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How to Build a Multilayer Fraud Management Strategy for Your Business

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Identifying and preventing fraud poses a tough challenge for merchants. Just like technology, fraudsters are always evolving and looking for new ways to refine their techniques. It’s important to remember that not all fraud originates from the same source, and that a one-size-fits-all strategy is bound to fail. 

Your best chance of protecting your business is to implement a multilayer fraud management strategy to reduce risk, decrease losses, and retain revenue. What is a multilayer strategy, though, and how do you go about developing one? 

 

Examining Fraud Prevention Tools

Some merchants believe they can get by deploying one or two fraud detection tools at checkout. This is a bad move; given that fraud is a dynamic problem, a good number of attacks can still slip by undetected if you’re not careful.

A multilayer fraud management strategy involves deploying numerous tools in a coordinated, deliberate manner. Each fraud detection mechanism has shortcomings and blind spots; with a variety of tools in play, though, they can supplement and cover one another’s vulnerabilities. This provides a much more detailed, comprehensive impression of each transaction, allowing for better decisioning.

There are a number of tools available to help you achieve this and defend your business from attack. And, the more thorough and aggressive your approach, the less chance there is of criminals finding a weak spot in your defenses. These are ten of the most effective tools when used in conjunction with one another.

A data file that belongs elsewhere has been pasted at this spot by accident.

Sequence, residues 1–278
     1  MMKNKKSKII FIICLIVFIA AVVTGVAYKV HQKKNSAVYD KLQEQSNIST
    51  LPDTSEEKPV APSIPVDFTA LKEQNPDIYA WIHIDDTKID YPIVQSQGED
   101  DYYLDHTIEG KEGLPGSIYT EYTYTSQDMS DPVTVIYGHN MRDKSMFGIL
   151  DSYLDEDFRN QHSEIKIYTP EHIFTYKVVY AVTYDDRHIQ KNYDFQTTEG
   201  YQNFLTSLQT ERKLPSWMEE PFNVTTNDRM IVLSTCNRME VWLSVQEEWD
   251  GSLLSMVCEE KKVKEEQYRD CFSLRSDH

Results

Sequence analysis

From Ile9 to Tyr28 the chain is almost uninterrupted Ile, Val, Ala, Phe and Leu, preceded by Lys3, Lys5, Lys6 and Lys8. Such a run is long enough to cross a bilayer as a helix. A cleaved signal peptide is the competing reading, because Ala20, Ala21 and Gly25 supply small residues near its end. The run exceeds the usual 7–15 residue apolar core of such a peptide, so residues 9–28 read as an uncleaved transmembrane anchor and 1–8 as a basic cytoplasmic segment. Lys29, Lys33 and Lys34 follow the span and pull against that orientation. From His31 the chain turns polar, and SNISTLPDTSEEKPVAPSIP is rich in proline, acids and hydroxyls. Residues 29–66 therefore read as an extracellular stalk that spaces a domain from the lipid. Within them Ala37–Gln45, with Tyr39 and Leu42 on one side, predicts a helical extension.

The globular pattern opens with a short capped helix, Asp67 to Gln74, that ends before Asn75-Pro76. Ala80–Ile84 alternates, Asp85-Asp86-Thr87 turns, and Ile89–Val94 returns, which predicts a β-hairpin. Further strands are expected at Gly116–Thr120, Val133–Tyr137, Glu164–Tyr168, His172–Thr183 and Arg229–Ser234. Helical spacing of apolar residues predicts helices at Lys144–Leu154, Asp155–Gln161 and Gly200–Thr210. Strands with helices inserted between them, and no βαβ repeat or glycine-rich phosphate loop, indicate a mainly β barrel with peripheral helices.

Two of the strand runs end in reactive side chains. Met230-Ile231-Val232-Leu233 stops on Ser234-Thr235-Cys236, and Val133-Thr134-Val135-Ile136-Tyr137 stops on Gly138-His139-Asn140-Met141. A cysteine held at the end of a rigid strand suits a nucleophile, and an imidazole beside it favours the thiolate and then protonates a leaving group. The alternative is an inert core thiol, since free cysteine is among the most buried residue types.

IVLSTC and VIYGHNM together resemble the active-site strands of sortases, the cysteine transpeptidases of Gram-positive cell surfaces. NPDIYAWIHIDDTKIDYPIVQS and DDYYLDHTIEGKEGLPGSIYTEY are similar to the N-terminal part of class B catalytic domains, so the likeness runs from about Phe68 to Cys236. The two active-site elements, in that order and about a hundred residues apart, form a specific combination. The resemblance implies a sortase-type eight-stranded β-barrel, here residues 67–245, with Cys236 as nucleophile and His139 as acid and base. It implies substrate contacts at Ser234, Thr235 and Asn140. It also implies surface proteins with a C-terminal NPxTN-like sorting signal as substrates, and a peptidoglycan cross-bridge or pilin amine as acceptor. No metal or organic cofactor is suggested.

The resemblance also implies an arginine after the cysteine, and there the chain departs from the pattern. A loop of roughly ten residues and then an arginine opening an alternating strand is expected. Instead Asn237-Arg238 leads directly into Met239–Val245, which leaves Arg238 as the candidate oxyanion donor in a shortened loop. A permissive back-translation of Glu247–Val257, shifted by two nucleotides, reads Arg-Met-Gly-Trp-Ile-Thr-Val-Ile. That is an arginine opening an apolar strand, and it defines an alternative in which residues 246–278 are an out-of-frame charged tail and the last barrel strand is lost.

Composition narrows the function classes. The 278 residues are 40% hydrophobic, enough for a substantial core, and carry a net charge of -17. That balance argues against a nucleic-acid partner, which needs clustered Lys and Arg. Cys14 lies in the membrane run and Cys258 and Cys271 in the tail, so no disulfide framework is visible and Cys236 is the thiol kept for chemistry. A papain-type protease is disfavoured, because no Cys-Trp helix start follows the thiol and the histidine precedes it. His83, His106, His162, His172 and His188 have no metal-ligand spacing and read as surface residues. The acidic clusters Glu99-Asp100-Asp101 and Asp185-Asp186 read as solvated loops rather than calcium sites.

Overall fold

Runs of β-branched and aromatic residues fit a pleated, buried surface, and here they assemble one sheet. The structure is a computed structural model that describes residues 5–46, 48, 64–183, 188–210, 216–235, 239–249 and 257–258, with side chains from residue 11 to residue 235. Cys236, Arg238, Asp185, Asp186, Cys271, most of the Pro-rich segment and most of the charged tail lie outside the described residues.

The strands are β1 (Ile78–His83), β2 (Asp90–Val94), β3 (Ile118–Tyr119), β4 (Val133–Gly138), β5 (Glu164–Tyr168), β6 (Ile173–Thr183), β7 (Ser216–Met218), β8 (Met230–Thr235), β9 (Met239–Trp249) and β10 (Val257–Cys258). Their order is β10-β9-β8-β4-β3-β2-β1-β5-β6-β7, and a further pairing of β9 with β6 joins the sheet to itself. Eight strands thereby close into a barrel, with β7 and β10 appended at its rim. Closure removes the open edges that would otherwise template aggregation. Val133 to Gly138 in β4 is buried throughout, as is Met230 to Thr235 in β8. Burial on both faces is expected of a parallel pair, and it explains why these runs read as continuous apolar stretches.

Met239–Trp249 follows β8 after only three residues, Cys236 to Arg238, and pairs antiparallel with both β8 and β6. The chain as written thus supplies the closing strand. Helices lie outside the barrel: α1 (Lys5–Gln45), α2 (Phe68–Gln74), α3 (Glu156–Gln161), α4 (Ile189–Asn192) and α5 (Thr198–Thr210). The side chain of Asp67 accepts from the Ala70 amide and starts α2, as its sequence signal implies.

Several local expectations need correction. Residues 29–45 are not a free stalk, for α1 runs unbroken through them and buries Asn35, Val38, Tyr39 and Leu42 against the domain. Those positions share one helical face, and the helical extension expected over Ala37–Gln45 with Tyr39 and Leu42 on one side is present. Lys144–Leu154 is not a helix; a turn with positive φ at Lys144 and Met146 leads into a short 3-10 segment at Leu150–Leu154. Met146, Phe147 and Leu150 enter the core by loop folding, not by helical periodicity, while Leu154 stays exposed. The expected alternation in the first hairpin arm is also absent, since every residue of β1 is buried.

1. Geolocation

When a buyer completes an order, geolocation technology pinpoints the user based on the IP address associated with the order. It gives you the ability to compare the user’s IP address with the information on-file to verify that the purchase was made from a reasonable location.

 

2. Proxy Piercing

Geolocation isn’t an infallible means of detecting fraud because criminals can still disguise their IP address. Proxy piercing technology can help with this threat. It is designed to see through these kinds of trickery and identify the user’s true location.

 

3. Device Fingerprinting

This is a forensic technique used to identify each purchase on the device used. It gathers unique information based on the hardware and software installed on the buyer’s device. Fingerprinting allows you to block devices that are associated with bad actors and pinpoint suspicious activity that could suggest account takeover.

 

4. Address Verification

Address Verification Services (AVS) is a tool that examines the billing information provided by the buyer and compares it against the address on-file with the card issuer. In the event the buyer can’t provide the correct billing address, it serves as a red flag for fraudulent activity.

 

5. Fraud Scoring

Fraud scoring examines a transaction based on multiple fraud indicators, and pulls together a “score” to indicate the level of risk associated with a transaction. When you incorporate a fraud scoring tool into your strategy, you can automatically reject any transactions that raise too many red flags.

 

6. Rescreening Orders

A fraudster has the perfect opportunity to disguise an attack or redirect legitimate purchases if a customer makes a purchase and then later decides to change the shipping address. All similar order modifications need to be screened and evaluated for potential fraud. Most companies neglect this process because the order itself has been screened. However, rescreening is an essential step to prevent post-transactional fraud.

 

7. Blacklists & Whitelists

A “blacklist” enables you to block traffic from individual users, as well as users with a specific trait. For instance, you can block all traffic from certain countries or regions that are known as epicenters of fraud activity. A “whitelist,” on the other hand, blocks all traffic except for those outlined in the parameters of the list.

 

8. Velocity Checking